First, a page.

All About Website Usability Blog – Holly Phillips

The coming evolution of usability, part 3
March 1, 2010, 4:19 am
Filed under: Uncategorized

Ok – so we all agree that focusing on the entire user experience, not just usability, is a good thing.  But why?  Is there any real return for doing that, or is it just something to make our visitors happier?

I’d argue that elevating your site to a place people enjoy going does indeed provide a financial return.  Take the Netflix example I gave in my last post.  If Jared now sees Netflix as a place to get into hairy discussions about obscure movies, he’s likely to go there more often, likely to try some of their recommendations, and clearly likely to praise the site to others.  And we all know that turning your customers into advocates is one of the best ways to bring in new customers.

Amazon is another great example.  Their customer rating system has one of the best reputations around, and people often go there before they make a purchase.  True, it doesn’t guarantee that people will actually buy from amazon, but it definitely increases the likelihood that once they find a product they want to buy, they’ll check out the recommendations at amazon and then check price and availability while they’re at it. 

So there is a clear financial payoff to including these less tangible elements in our design decisions.  Designing a successful and unfrustrating experience is good, but designing a successful, unfrustrating, enjoyable and engaging experience is where the real payoff will come.


The coming evolution of usability, part 2
February 22, 2010, 4:16 am
Filed under: Uncategorized

The question I left you with in my last blog was “how do we advance from a site that’s perfectly usable to one that’s engaging and fun?”  The answer is to broaden our focus and include the elements of enjoyability, engagement, and total experience in our designs.

I heard Jared Spool and Stephen Anderson share the example of Netflix.  They have a feature where they ask you to rate several movies, then they start recommending movies to you that they think you’ll like.  The more movies you rate, the better the recommendations are.  This drew Jared and Stephen in to the point where Stephen said he spent 6 hours rating movies on the site just to see what it would recommend to him.  And Jared said he was so impressed at getting recommendations of movies he hadn’t heard of that he now views the site as a place where he can go to get into a real nerdy discussion of movies instead of just a place to rent movies.  This feature doesn’t make the site any more ‘usable’, but it adds a level of enjoyment and engagement that it couldn’t have gotten by focusing on usability alone.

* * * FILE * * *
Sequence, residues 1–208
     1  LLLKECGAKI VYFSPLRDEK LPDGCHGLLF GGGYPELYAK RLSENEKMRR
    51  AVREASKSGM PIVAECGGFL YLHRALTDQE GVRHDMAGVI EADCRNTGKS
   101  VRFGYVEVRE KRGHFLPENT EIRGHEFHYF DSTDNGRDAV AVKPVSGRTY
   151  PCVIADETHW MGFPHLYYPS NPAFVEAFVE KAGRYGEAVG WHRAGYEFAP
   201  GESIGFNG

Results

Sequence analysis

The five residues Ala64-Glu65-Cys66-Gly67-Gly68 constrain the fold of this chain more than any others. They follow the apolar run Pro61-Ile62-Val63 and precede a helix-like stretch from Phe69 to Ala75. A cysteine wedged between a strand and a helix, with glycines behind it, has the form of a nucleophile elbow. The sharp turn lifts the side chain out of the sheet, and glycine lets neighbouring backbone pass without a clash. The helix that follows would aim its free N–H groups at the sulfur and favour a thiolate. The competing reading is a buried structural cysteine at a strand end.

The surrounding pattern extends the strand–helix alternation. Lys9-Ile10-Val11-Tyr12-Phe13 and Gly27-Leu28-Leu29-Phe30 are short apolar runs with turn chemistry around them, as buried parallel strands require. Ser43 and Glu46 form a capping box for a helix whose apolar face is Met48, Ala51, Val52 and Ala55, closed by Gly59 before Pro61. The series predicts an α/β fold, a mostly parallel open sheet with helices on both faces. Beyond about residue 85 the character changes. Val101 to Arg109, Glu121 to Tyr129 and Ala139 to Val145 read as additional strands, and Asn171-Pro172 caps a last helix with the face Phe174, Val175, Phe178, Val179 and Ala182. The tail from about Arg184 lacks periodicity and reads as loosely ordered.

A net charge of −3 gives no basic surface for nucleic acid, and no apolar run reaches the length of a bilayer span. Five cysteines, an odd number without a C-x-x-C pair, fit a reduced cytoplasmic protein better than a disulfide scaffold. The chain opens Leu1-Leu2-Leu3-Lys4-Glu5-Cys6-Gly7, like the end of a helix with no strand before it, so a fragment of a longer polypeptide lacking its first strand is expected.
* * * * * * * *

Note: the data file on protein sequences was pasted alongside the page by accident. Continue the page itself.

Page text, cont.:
When we’ve asked people to rate our site and then asked “what would it take for you to rate it a 10?”, we often hear things like “I just don’t give 10’s unless the site really blows me away”.  No matter how hard we work on our navigation system or page layout, we’ll probably never get it to the point where it blows people away.  But if we add in elements that draw the visitor in and provide unique value or fun, like Netflix has done, we have a much better chance.

So yes, we definitely need to work on the basics and remove frustration and failure from the site.  But as we move up that maturity curve we need to start adding in elements of delight, seduction, and enjoyability to the visit.